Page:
Banks to face ‘aggressive’ action over tracker mortgage scandal

David Hall, CEO of the Irish Mortgage Holders Organisation

An advocacy group for people who lost their homes as a result of the tracker mortgage scandal will take “aggressive” action against banks.

It is estimated by the Central Bank that more than 20,000 people have been affected by the scandal, whereby a person was not allowed to return to their tracker mortgage after a period of paying a fixed rate.

Approximately 23 people had their homes repossessed as a direct result.

It is understood the Irish Mortgage Holders Organisation will seek an injunction against several banks, to stop them selling these repossessed homes.

Letters have already been sent to banks by the group requesting that the repossessed homes are not sold until the tracker mortgage scandal has been fully investigated.

If this correspondence is not responded to, or its suggestion rejected, an injunction will be sought.

David Hall, CEO of the organisation, would not comment directly on the legal threat but told the Irish Examiner his advocacy group would take “aggressive action” against the banks.

“We will continue to protect our clients’ interests and where family homes have been taken from clients by the banks, following them have stolen from them in the tracker scandal, we will take aggressive action.”

It is understood the banks have until the middle of the week to respond to the letter.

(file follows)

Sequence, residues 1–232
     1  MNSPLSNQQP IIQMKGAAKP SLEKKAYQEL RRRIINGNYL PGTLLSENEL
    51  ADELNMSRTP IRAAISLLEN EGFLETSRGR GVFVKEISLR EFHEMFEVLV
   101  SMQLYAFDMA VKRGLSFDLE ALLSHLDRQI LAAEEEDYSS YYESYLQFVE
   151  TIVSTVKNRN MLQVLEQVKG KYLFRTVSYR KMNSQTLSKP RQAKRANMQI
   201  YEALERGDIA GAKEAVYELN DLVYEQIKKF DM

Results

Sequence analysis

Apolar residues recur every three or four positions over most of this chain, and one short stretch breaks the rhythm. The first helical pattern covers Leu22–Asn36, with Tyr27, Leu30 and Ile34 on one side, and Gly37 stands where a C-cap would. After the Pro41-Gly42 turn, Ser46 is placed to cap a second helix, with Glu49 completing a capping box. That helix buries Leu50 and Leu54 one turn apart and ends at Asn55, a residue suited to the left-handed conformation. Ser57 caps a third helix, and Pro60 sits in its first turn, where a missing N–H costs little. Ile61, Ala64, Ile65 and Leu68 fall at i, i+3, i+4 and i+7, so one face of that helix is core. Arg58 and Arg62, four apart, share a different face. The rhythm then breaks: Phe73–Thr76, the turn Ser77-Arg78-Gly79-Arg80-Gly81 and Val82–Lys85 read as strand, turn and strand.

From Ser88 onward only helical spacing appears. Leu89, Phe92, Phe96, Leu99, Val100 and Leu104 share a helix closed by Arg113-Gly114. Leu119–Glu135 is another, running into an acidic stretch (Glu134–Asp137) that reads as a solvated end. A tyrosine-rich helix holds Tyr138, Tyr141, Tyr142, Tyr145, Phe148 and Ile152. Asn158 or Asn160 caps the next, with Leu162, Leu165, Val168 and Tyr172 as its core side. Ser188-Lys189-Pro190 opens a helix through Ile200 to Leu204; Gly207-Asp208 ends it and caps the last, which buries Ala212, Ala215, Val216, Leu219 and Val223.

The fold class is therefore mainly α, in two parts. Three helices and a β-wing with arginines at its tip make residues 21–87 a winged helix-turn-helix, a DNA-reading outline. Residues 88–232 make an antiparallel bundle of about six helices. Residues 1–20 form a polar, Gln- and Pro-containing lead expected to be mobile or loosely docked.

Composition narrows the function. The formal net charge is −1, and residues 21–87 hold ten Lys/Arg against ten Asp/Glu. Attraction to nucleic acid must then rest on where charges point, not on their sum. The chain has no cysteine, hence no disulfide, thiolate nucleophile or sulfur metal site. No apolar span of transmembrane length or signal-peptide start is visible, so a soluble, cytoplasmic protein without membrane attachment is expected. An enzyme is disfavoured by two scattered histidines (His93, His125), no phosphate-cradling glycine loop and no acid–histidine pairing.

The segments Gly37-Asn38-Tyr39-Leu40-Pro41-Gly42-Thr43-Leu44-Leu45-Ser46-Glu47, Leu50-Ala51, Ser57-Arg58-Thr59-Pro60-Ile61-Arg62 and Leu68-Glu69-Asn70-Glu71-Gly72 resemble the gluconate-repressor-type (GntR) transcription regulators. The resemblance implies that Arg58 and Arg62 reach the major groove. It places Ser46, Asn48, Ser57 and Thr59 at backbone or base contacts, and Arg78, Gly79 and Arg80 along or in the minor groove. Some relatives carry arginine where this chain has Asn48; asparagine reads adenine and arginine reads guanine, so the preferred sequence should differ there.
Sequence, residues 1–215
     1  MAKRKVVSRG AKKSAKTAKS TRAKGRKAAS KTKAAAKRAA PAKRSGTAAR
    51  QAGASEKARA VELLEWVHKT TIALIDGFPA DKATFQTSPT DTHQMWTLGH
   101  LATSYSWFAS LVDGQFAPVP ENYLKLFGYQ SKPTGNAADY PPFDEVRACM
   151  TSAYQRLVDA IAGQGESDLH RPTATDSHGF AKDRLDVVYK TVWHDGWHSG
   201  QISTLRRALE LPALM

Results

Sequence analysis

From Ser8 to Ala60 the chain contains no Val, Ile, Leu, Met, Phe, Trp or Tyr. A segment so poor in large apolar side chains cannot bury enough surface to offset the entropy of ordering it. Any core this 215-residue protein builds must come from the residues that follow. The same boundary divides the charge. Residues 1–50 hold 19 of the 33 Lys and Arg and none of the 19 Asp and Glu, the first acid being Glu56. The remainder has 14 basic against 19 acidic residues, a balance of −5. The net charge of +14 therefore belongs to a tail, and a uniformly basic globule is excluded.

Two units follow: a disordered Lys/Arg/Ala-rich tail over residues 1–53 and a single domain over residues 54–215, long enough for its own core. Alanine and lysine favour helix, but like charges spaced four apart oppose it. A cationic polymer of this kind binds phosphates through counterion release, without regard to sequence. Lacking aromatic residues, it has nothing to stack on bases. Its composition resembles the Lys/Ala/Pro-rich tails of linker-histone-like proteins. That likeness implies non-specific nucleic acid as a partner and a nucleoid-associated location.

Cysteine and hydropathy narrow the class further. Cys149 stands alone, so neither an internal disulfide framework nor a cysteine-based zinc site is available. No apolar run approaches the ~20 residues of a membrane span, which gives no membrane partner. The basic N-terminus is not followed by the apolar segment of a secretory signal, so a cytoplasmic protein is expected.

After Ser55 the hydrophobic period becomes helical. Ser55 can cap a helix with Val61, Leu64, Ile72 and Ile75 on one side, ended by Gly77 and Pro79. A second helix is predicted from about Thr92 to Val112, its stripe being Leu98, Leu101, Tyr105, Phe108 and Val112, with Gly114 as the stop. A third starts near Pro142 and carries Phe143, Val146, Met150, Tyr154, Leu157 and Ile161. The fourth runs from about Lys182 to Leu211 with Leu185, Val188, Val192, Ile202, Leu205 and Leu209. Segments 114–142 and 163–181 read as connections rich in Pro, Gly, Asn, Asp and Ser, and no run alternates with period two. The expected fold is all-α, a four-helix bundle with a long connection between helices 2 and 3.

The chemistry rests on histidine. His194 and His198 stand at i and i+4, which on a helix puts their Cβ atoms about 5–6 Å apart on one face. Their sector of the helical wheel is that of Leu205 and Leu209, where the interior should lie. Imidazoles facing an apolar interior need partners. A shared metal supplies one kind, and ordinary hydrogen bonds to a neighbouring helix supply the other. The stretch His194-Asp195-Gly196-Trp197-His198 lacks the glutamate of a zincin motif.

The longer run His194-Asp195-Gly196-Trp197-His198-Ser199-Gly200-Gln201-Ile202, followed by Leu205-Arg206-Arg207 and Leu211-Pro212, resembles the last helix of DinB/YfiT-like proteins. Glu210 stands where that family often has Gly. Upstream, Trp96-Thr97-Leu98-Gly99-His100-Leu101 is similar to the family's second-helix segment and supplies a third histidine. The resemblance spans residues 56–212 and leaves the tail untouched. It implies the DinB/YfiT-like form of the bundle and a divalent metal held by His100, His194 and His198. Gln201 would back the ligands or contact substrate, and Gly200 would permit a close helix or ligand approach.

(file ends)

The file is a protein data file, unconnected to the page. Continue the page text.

The scandal dates back several years, when home-owners on tracker mortgages went on a fixed rate for several years but were not put back on their trackers after this period.

As a result of this change, some people were unable to serve their mortgages, fell into arrears, and had their homes repossessed.

The issue of the repossessed homes came to light recently when one of the affected parties realised their property was lying vacant even though the bank had repossessed it a number of years ago.

It then emerged that AIB wrote to one of its tracker victims offering to sell back the house repossessed two years ago at open market value.

In a letter, the bank is understood to have offered the customer several options including buying back the home at market value, with the bank clearing any remaining balance on the mortgage account; applying for a new repayment scheme on “the corrected mortgage balance”; or selling the property, clearing any remaining balance.

A spokesperson for AIB said a tracker review is ongoing.

“To date, 97% of the 3,200 customer accounts identified as impacted have been paid redress and compensation and this process is progressing.

“The tracker review is ongoing and our expectation remains that work will continue into 2018. Our review will be fully complete when the Central Bank concludes its own assurance work,” said the spokesperson.

This follows advice from the governor of the Central Bank, Philip Lane, that people affected by the tracker mortgage scandal could go to the courts or to the Ombudsman as he did not have the power to help them.

He was speaking at the Oireachtas finance committee, which has called the banks and regulators to account over the scandal.

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